Some exotic parasites have already been discovered as a result of their significant population effects, such as, for example, the European protozoan Glugea hertwigi, which caused high-rate die-offs of the rainbow smelt in Lake Erie and Lake Ontario during the 1960s and 1970s (Nepszy et al.
Mortality of young-of-the-year rainbow smelt (Osmerus mordax) in Lake Erie associated with the occurrence of Glugea hertwigi.
Until now, both of the EF phylogenies (EF-1 alpha tree is shown in [ILLUSTRATION FOR FIGURE 1 OMITTED]) clearly and consistently suggested (a) that three amitochondriate protists, Glugea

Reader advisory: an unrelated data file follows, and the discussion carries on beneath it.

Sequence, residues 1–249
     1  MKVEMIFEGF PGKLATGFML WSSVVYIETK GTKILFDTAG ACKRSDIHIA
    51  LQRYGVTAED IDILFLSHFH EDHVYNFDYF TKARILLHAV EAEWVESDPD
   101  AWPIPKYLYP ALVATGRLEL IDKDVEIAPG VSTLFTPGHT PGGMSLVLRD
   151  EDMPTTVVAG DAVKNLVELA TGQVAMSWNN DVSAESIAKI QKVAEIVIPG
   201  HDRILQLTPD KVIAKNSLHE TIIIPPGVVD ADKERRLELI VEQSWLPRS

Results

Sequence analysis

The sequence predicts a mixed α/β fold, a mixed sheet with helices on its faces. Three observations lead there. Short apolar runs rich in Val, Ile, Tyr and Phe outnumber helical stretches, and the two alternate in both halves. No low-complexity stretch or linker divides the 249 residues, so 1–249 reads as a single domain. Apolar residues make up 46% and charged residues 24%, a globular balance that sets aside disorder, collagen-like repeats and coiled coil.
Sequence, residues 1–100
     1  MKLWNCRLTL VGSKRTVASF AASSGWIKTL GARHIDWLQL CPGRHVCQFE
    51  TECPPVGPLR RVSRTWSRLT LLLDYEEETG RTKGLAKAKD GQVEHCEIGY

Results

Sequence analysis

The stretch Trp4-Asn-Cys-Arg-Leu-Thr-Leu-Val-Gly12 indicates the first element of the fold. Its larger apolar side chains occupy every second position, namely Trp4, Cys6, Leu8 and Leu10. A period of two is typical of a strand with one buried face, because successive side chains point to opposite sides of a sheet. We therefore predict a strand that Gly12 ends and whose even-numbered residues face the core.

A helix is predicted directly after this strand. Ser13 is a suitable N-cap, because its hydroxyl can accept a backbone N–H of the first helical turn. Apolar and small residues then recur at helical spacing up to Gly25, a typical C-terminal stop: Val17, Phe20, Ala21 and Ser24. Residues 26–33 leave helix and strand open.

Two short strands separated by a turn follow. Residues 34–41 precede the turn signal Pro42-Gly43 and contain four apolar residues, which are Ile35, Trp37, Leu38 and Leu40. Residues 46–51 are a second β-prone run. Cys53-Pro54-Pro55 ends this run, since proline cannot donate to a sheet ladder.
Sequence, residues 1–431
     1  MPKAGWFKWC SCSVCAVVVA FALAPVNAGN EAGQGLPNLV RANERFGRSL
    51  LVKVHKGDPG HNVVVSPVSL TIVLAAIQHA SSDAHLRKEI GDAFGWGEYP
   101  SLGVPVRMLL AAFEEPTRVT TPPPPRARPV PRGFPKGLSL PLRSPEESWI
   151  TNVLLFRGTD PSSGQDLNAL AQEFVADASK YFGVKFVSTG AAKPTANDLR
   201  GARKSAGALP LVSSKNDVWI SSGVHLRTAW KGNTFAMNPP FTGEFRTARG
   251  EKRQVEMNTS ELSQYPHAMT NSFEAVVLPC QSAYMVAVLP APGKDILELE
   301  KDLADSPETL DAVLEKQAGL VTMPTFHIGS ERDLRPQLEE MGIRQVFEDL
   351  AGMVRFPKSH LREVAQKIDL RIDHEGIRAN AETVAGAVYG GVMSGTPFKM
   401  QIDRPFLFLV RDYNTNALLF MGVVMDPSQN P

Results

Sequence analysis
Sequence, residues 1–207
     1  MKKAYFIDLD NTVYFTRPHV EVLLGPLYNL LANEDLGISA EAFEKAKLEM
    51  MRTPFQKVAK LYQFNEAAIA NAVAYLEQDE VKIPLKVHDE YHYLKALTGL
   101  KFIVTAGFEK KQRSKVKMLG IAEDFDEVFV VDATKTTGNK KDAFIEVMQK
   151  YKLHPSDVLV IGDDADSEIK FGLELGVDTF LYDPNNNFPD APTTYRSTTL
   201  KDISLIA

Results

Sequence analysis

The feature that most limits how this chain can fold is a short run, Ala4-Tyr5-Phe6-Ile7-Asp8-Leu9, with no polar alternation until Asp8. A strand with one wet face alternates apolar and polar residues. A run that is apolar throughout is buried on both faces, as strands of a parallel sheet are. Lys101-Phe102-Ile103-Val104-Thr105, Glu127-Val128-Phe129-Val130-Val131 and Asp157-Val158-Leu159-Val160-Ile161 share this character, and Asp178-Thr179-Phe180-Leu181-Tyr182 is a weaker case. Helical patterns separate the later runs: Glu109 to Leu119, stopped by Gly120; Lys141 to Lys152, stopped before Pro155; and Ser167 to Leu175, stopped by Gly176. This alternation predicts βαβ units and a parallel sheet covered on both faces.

plecoglossi (microsporidian), Giardia lamblia (diplomonad), and Trichomonas tenax (trichomonad), represent an early-branching eukaryotic group; and that among them, the divergence of Glugea
seems to be the earliest (1-5); and (b) that another amitochondrial protist, Entamoeba histolytica, is likely to have diverged after the divergences of some mitochondrion-containing protists, but is not likely to have diverged later than euglenoids, as suggested by the SrRNA tree (6).